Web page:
Texas declined to create a health insurance exchange during the legislative session that ended June 30, but the state did advance its own version of accountable care organizations.
Gov. Rick Perry strongly opposes the health system reform law and threatened to veto any legislation that would help implement the law’s health insurance exchanges. The exchanges will serve as one-stop marketplaces for qualifying health coverage beginning in 2014. Perry did not want to be seen as aiding the implementation of the health reform law in any way, said Texas Rep. John Zerwas, MD, sponsor of the leading bill to create an exchange, and Texas Medical Assn. President Bruce Malone, MD, in separate interviews.
“They definitely were just very entrenched on this idea,” Dr. Zerwas said. At least one other governor, Bobby Jindal of Louisiana, opposes creating a locally controlled exchange in his state.
The Texas Medical Assn. supported Dr. Zerwas’ measure to authorize a state insurance exchange. However, Dr. Malone called the national reform law’s subsidies to help buy health insurance through the exchanges a “middle-class welfare entitlement.” The subsidies will be available on a sliding scale to people earning up to 400% of the federal poverty level, or $43,560 for an individual.
Perry opposed Dr. Zerwas’ bill even though inaction on the issue could force the Dept. of Health and Human Services to operate a federal exchange in Texas. HHS will do so in states that decline to create their own insurance exchanges.
Perry spokeswoman Lucy Nashed said the governor is hoping that the U.S. Supreme Court will uphold lower-court rulings that part or all of the health reform law is unconstitutional. “The governor is committed to working with lawmakers and state health and insurance officials to address Texas’ health care needs, and we are looking at all of our options to determine what’s in the best interest of Texans.”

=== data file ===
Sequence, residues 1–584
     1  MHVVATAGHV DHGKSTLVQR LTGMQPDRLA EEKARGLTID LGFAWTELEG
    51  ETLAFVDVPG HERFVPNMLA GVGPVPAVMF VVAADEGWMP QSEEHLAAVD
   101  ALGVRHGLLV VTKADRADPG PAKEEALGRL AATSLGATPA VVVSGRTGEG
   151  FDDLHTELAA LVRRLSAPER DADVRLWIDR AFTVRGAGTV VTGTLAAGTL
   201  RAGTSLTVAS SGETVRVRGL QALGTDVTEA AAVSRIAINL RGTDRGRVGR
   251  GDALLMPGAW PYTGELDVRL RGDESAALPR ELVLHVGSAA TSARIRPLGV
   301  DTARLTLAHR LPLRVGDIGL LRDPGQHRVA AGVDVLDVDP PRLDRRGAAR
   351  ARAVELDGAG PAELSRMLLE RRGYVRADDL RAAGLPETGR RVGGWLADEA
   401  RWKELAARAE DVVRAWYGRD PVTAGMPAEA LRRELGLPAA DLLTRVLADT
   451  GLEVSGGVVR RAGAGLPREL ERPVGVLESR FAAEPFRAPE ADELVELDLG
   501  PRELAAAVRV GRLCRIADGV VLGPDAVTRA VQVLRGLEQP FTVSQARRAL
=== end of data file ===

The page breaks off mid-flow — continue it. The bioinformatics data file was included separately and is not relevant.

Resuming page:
Texas could enact its own exchange at a later date, HHS officials said during a July 11 call with reporters about new proposed rules to create health insurance exchanges. HHS in January 2013 will certify whether state-created health insurance exchanges are on track to operate by January 2014. After 2014, a state that did not create an exchange could still do so if the state provides 12 months’ notice, said Steve Larsen, director of the HHS Center for Consumer Information and Insurance Oversight.
Drs. Zerwas and Malone said Perry told them he can create a state insurance exchange administratively without consulting the Legislature. Nashed did not explain what legal authority Perry might have to do so.
Perry approved a measure passed by the Legislature to create “health care collaboratives,” Texas’ version of accountable care organizations. The bill clarified that health care organizations that assume financial risk for treating patient populations will be classified and regulated as health insurance. It also requires collaboratives to have physicians on their governing boards. Individual doctors will be able to participate in more than one collaborative.
However, many details about the collaboratives need to be spelled out, Dr. Malone said. Texas physicians are likely to be skeptical about collaboratives. “I can’t imagine a scenario in which doctors would be anxious to participate in this,” he said.